Matching spaceship picture to description


I’m creating a cover for the sci-fi novel I’m writing, a book that will be called Silver Star, and cover creation is a process that takes pretty much as long to do as it takes to actually write the book itself. The reason it takes so long is partially because I create the covers myself to save money. No doubt if I hired a professional to do it, the cover could be finished in a few days, but as a self-publishing author I do not have the budget for that. The other reason it takes a heck of a long time is that I like cool 3D graphics on the covers of my books, and creating cool 3D graphics is intrinsically a long and complex process.

A Message from the Author

I write sci-fi novels that belong to a series called Dark Galaxy, which starts with Galaxy Dog:

What starts as an ordinary invasion of an alien planet brings to light an ancient archeological site of huge importance. A young man called Knave makes a life-changing discovery there and rises from a lowly position as an infantry trooper to become a player among the powers of the galaxy.

The entire series is available to buy from Amazon.

The application I use to create my 3D covers is called Blender, and I never stop singing its praises. Blender is free... yep, you heard right, it doesn’t cost a bean... and it's also open source. It supports the entirety of the 3D pipeline—modeling, rigging, animation, simulation, rendering, compositing, motion tracking, video editing, the 2D animation pipeline, and  putting together cool 3D book covers of course.

Usually – okay, pretty much always – the cool 3D graphics on my book covers take the form of a spaceship. The spaceship I’m creating for the cover of Silver Star appeared in the opening scene of the previous sci-fi novel in the Dark Galaxy series, a book called Blood Star, and the description goes like this:

Chase watched the ship fly overhead, never tiring of gazing at its complex silhouette of multi-directional thrusters, heat vanes, weaponry, and sensor systems. The whole ensemble was organized into a roughly arrowhead shape that was very pleasing to the eye. There were a few areas of damage, but nothing so major that it spoiled the spaceship’s lines. All in all it was an immense source of pride to him.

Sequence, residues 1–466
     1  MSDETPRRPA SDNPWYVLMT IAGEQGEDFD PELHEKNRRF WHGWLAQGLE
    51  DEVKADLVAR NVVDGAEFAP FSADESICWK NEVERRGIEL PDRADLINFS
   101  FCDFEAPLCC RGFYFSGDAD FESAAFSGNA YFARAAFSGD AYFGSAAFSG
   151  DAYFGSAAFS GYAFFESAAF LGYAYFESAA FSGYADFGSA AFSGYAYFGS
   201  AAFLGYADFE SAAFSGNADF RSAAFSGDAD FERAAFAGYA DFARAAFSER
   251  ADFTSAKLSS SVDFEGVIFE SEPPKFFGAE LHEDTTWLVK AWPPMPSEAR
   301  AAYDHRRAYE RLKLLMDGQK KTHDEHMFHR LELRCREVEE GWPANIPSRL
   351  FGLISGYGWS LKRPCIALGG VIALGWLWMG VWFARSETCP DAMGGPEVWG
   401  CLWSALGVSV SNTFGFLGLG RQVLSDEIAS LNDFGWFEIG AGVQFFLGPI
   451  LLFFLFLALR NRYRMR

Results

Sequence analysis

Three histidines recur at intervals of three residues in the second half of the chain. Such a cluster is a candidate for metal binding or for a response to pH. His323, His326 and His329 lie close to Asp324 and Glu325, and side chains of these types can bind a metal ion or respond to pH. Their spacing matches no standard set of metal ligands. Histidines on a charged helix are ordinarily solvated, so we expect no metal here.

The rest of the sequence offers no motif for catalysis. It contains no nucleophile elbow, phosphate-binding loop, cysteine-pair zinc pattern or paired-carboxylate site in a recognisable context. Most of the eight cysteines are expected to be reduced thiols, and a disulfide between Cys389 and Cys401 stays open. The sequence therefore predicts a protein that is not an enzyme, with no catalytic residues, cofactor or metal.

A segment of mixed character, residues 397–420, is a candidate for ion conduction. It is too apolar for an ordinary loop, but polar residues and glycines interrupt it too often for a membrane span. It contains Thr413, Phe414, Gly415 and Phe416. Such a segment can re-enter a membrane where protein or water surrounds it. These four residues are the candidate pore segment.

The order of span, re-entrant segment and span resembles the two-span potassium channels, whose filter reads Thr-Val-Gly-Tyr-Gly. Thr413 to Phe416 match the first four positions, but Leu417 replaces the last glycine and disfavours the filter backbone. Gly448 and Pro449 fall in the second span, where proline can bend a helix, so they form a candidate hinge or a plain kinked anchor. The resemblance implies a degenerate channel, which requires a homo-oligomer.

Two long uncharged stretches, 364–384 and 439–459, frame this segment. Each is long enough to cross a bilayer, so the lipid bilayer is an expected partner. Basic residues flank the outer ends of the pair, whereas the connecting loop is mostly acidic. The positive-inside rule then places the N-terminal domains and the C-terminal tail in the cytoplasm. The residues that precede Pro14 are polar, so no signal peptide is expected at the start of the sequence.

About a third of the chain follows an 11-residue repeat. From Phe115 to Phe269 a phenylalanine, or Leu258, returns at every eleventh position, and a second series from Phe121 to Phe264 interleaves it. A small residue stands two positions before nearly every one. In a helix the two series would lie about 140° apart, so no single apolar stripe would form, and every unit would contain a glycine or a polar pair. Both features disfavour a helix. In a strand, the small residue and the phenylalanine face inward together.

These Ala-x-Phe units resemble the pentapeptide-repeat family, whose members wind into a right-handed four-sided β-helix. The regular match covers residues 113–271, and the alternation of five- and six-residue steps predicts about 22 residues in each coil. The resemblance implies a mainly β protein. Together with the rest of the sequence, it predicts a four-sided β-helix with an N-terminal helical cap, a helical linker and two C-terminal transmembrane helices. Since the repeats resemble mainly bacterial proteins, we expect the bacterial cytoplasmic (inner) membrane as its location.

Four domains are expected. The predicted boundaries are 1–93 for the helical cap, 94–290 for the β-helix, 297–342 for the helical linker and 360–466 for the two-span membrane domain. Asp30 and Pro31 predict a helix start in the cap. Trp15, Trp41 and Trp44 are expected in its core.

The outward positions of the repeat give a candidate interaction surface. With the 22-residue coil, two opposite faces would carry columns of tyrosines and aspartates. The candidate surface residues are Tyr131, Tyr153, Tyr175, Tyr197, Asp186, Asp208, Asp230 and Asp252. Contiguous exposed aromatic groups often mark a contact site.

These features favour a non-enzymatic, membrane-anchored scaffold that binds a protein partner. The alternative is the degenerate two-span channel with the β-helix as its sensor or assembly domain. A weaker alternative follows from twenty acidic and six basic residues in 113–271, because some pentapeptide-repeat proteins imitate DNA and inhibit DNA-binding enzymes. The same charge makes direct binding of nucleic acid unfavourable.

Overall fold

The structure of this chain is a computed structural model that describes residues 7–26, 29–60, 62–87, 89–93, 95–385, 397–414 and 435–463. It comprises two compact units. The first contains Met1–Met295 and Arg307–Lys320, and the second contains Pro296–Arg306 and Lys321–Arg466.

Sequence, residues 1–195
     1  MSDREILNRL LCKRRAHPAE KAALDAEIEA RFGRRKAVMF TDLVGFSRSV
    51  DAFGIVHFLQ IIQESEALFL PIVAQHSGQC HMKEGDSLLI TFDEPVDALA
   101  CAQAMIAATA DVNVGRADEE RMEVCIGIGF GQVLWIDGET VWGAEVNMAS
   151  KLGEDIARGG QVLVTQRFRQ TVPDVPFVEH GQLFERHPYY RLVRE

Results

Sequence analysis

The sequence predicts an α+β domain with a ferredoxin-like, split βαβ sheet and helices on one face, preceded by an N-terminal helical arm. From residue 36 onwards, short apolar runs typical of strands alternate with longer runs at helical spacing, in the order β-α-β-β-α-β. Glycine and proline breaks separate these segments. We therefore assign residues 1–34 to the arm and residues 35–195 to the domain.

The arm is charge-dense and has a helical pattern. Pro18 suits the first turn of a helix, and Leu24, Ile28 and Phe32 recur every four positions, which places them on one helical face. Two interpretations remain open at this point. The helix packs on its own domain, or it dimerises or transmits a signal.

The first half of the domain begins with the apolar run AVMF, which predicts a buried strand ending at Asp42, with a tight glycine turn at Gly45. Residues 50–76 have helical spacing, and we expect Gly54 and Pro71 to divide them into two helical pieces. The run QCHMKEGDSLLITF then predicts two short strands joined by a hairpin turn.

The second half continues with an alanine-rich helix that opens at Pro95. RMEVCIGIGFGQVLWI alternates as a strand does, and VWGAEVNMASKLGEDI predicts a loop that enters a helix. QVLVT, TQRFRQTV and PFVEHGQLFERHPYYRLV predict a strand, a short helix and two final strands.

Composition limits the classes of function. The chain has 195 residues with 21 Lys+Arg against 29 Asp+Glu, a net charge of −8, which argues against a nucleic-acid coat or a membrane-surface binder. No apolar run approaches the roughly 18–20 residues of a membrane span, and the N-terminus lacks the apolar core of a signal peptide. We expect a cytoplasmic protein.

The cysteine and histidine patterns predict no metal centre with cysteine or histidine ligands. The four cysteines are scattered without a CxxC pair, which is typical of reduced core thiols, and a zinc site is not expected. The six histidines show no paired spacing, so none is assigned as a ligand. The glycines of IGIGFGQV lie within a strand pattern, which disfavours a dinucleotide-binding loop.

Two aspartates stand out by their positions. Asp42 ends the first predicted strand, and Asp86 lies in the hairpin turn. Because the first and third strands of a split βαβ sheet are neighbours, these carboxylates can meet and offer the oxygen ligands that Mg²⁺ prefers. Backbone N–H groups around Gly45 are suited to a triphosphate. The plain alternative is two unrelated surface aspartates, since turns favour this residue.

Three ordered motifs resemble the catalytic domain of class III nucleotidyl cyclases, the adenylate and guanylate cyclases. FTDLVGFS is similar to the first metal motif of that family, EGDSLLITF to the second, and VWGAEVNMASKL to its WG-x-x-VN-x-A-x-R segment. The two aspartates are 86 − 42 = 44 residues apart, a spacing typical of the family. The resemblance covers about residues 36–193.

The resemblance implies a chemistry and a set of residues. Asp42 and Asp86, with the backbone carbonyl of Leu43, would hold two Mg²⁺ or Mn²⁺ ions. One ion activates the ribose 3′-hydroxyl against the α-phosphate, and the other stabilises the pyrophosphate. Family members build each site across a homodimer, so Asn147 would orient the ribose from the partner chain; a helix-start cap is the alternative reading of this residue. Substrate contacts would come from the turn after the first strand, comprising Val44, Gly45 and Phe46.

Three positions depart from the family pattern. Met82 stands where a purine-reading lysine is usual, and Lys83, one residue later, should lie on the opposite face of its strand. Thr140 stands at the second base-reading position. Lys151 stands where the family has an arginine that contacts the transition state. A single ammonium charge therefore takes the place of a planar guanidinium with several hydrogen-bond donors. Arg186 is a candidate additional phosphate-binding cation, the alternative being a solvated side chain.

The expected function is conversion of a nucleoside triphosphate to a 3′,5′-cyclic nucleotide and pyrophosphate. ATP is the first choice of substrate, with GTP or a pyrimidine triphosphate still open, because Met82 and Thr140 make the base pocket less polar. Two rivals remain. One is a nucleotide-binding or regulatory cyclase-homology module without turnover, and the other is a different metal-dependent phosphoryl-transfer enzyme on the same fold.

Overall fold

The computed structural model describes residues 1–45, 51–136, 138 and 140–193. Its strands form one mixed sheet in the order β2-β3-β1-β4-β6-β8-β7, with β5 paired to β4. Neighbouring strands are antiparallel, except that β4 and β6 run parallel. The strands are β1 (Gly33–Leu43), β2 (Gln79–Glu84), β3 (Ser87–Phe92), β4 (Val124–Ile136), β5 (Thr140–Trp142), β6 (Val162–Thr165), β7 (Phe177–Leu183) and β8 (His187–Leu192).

"The Silver Star," he said to his companion. "Beautiful, don’t you think?"
"It is underpowered for its size," his companion said.
"Have you no poetry in your soul, Rowena?" Chase asked, glancing away from the receding spaceship just long enough to give her a dark look.
Rowena didn’t react except to shrug almost imperceptibly.

So, for today’s cover design session, I just wanted to check that the spaceship I’m creating really does have an arrowhead shape, and does actually does have multi-directional thrusters, heat vanes, weaponry, and sensor systems. To do that, I opened the Blender file I had been working on and switched the view to overhead.

It turned out that the spaceship was shaped more like a blunt trident than an arrowhead, and so, I decided to make some changes. I decided to add a pointy nose, and some more wing-like structures at the back, where the spaceship narrows too much to be called arrow-shape. 

For some reason I like to work on my spaceship wit its nose down but it was being presented in the Blender view port with its nose up. I fixed that by ‘rolling the view port’ which is done by pressing the shift key and the number 4 on the number pad. In fact, last time I replaced my laptop I made sure to get one with a number pad because it makes working with Blender so much easier. I imagine a USB numeric keypad would also work, but I have never used one myself.


After adding a pointy front and some wings at the back, I noticed the wings I had already sculpted were disrupting the arrow-like lines of the spaceship. They were sticking out like ears, or like the side prongs of a trident. They had to be moved, so I carefully snipped them off by deleting the faces that were connecting them to the rest of the mesh. I then carefully repositioned the wings closer to the spaceship’s spine and canted them up a little, like a pair of open gull-wing doors.

I actually like the new position of the wings very much more than the boring way thy had been sticking out horizontally before, so I’m glad I decide to make sure the picture accorded with the description in the earlier book.

With a little more work on the back, the spaceship really was starting to look more like an arrowhead. Next I decided to move on to making sure their were all the things in the list visible on the hull. There were heat vanes, some weaponry, and some sensor systems, all obvious on the hull, but no multi-directional thrusters. 


I decided to quickly make one, the work of just a few minutes, and then attach it at different places all round the hull. I’m all for complex little details such as thrusters on a spaceship. They make it look so much cooler and more ‘real’. To end, just a reminder that the best way to support this blog is to buy one of my books. Simply go over to Amazon, or Kobo and get one.